Meet the 9 tech millionaires and billionaires who are quietly steering San Francisco city politics (CRM)

salesforce tower san francisco marc benioff 5284

On a foggy day in San Francisco last week, politicians and tech moguls gathered outside Salesforce Tower, the tallest office building west of the Mississippi, to celebrate the skyscraper’s grand opening. This was peak San Francisco — a display of power and influence topped off by Marc Benioff holding hands with the mayor of San Francisco as a blessing was said over the cone-shaped, vaguely phallic 61-story tower.

San Francisco is, for better or worse, a tech city. The tech sector creates tens of thousands of jobs annually in the nine-county Bay Area, making it the single biggest engine of the local economy, though that job growth is starting to slow.

As startups blossom, attracting a wave of entrepreneurs and investment dollars, the tech industry has achieved significant clout in local politics. We rounded up the tech and business luminaries who emerged as political power players in San Francisco.

Airbnb’s Brian Chesky tangled with city officials and hotel unions to keep Airbnb alive in San Francisco.

Title: CEO of Airbnb

Biggest power play: In 2015, Airbnb spent more than $8 million to defeat a San Francisco ballot measure that would have severely restricted short-term home rentals, including those listed through other services such as Craigslist and Vrbo.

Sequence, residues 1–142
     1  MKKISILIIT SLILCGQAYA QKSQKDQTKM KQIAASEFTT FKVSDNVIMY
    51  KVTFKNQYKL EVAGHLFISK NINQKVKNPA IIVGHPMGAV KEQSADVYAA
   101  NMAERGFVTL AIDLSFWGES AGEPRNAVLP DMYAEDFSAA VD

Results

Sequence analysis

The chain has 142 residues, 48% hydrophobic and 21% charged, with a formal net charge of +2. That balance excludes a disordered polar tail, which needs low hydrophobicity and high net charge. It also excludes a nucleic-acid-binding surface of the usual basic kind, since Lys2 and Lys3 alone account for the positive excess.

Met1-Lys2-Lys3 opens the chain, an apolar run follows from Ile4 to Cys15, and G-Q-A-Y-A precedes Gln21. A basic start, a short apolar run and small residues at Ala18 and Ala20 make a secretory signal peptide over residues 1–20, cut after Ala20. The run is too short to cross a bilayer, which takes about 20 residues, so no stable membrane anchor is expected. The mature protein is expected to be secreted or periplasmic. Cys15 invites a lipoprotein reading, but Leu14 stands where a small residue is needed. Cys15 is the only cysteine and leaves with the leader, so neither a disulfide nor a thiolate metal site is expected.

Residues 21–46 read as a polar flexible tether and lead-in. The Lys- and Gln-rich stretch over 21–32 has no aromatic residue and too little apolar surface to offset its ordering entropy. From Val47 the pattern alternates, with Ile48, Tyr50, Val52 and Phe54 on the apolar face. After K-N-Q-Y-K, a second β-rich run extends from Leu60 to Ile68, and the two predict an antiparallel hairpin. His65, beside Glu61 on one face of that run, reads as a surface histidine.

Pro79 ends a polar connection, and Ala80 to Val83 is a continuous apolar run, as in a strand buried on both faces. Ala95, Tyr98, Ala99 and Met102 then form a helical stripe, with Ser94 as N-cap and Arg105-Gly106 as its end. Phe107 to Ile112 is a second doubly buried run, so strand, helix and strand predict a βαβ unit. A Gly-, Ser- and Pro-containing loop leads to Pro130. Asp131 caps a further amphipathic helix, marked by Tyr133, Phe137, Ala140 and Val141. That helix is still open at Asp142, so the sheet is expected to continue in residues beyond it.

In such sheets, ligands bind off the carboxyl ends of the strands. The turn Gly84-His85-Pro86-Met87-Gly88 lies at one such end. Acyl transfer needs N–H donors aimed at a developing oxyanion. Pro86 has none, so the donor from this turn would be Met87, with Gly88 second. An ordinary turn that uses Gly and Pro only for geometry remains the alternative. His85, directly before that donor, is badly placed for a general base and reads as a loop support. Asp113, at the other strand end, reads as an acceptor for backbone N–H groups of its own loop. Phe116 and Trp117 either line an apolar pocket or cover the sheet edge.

Employees of the San Francisco startup have given Gavin Newsom — the politician who helped beat the measure, and who is now running for California governor — $228,000 in donations.

Ron Conway, known as the “Godfather of Silicon Valley,” has funneled money into hundreds of startups as well as political campaigns for moderate and tech-friendly candidates.

Title: Angel investor and founder of SV Angel

Biggest power play: Conway, one of the tech industry’s most prominent and powerful startup investors, also backs political hopefuls. He’s poured reported millions of dollars into local elections, including $275,000 in 2012 to pass a ballot measure that lowered tax rates for tech companies that he invested in such as Airbnb, Twitter, and Zynga.

Conway was a longtime friend and advisor to San Francisco Mayor Ed Lee, whose death from a heart attack in December catapulted Supervisor London Breed — a fellow recipient of Conway’s political contributions over the years — into the hot seat. Her colleagues on the Board of Supervisors moved swiftly to replace her as interim mayor, saying publicly that they did so to send a message to Conway that “San Francisco can’t be bought.”

Conway has denied making any attempts to sway the Board of Supervisors’ vote.

Salesforce’s Marc Benioff has been spreading his billions over several causes near and dear to San Francisco residents.

Title: Cofounder and CEO of Salesforce

Biggest power play: Benioff and his wife, Lynne, want to end family homelessness in San Francisco by 2019, and have donated $11.5 million to Hamilton Families, an organization that puts families on the streets into permanent housing, to do just that.

The San Francisco power couple has contributed millions of dollars to causes from schools to hospitals, writing two $100 million checks to UCSF Benioff Children’s Hospitals in San Francisco and Oakland. In 2018, Benioff gave big to sponsor a San Francisco ballot measure that, if passed, will go toward raising teacher salaries.

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